City dwelling is deleterious

It’s reasonably well known that crowded urban environments create enough stress that physical and mental performance declines in biological species. (I remember a reading about a study done on rats years ago that showed that at a certain level of crowding female rats began to spontaneously end pregnancies with miscarriages and were more likely to eat the babies if they were live born.) There’s evidence that too much crowding in a human environment causes a measurable and significant decline in mental and physical function – something on the order of 20% or so.

I once wrote on an essay I submitted for some position along the way that “there’s nothing that has ever happened to me that I haven’t been able to manage in some way by spending time in the outdoors”. I thought it was just me, and the fact that the happiest memories of my childhood are the days that I spent in the summers basically living outdoors.

Now I’m reading that there’s something more fundamental going on. According to a new study from the University of Michigan:

“‘Interacting with nature can have similar effects as meditating,’ Berman said. ‘People don’t have to enjoy the walk to get the benefits. We found the same benefits when it was 80 degrees and sunny over the summer as when the temperatures dropped to 25 degrees in January. The only difference was that participants enjoyed the walks more in the spring and summer than in the dead of winter.'”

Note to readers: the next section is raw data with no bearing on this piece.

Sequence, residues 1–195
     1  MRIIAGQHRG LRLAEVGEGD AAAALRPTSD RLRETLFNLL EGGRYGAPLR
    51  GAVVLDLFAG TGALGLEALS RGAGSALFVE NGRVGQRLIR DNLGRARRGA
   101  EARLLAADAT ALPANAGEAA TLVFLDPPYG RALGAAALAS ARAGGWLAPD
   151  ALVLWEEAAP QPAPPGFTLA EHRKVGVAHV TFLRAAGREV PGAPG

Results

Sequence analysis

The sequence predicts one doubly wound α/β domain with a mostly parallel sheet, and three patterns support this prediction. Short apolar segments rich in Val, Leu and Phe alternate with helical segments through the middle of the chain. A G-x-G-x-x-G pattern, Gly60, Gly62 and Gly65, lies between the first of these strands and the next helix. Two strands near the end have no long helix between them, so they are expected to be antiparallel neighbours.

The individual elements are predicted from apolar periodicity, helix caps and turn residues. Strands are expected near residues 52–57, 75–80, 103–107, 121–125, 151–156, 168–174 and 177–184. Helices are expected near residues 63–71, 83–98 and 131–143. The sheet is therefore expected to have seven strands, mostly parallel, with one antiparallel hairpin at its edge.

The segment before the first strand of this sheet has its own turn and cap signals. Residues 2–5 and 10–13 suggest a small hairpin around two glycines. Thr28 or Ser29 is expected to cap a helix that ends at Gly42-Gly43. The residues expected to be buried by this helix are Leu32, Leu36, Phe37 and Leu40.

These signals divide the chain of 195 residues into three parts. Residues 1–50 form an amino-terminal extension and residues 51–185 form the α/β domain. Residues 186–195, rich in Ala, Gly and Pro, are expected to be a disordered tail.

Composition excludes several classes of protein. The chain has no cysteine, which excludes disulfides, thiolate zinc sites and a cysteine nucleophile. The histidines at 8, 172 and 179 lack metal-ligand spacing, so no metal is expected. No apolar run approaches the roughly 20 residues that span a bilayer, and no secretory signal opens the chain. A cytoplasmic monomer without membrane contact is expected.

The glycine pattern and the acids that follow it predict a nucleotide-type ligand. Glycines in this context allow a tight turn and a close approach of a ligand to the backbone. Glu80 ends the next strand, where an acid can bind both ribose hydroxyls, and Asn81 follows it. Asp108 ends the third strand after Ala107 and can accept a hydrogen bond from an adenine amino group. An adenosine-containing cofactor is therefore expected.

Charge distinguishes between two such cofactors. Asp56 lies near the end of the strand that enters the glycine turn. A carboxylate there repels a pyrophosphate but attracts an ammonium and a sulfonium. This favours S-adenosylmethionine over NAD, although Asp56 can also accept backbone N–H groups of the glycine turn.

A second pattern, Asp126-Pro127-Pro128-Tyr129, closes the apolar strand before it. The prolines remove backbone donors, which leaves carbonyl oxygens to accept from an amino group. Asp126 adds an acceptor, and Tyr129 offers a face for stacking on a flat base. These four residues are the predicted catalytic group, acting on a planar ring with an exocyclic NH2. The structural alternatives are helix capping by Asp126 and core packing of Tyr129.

Read the full article here.

Hmmm.

We started a new program here at the Cathedral this winter. We meet twice a month for a Sat. morning hike. We do a relatively easy hike and call it the “Dean’s Hike” and a then alternate that with much more challenging hike (led by the Cathedral Wardens) and called the “Wardens’ Walk”. We’ve had as many as 25 people join us. Phoenix is particularly well suited for this given the extensive park system within the city boundaries.

I thought I’d been feeling better as a result… Now I’m thinking it’s not just the physical exercise that I’m noticing. There’s an increase in creativity and decreases in mental stress that’s going on as well. Perhaps I need to be a little more pushy about encouraging others to join me.

(h/t to Slashdot.)

Author: Nicholas Knisely

Episcopal bishop, dad, astronomer, erstwhile dancer...

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